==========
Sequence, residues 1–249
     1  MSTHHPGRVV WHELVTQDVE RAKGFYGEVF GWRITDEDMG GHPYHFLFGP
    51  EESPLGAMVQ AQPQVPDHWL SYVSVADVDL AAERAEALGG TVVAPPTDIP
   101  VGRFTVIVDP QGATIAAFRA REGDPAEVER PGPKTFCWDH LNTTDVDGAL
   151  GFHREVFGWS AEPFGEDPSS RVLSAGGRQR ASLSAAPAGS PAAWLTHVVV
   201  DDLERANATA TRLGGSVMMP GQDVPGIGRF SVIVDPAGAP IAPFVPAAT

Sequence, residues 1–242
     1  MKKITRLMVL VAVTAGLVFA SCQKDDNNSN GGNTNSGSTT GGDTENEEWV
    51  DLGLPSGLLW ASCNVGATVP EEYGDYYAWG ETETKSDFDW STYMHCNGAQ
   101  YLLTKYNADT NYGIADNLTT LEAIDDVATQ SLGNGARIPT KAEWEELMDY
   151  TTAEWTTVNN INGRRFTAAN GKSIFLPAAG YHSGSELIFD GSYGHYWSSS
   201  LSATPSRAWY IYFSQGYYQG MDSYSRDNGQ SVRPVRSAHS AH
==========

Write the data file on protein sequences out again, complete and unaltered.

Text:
Sequence, residues 1–249
     1  MSTHHPGRVV WHELVTQDVE RAKGFYGEVF GWRITDEDMG GHPYHFLFGP
    51  EESPLGAMVQ AQPQVPDHWL SYVSVADVDL AAERAEALGG TVVAPPTDIP
   101  VGRFTVIVDP QGATIAAFRA REGDPAEVER PGPKTFCWDH LNTTDVDGAL
   151  GFHREVFGWS AEPFGEDPSS RVLSAGGRQR ASLSAAPAGS PAAWLTHVVV
   201  DDLERANATA TRLGGSVMMP GQDVPGIGRF SVIVDPAGAP IAPFVPAAT

Sequence, residues 1–242
     1  MKKITRLMVL VAVTAGLVFA SCQKDDNNSN GGNTNSGSTT GGDTENEEWV
    51  DLGLPSGLLW ASCNVGATVP EEYGDYYAWG ETETKSDFDW STYMHCNGAQ
   101  YLLTKYNADT NYGIADNLTT LEAIDDVATQ SLGNGARIPT KAEWEELMDY
   151  TTAEWTTVNN INGRRFTAAN GKSIFLPAAG YHSGSELIFD GSYGHYWSSS
   201  LSATPSRAWY IYFSQGYYQG MDSYSRDNGQ SVRPVRSAHS AH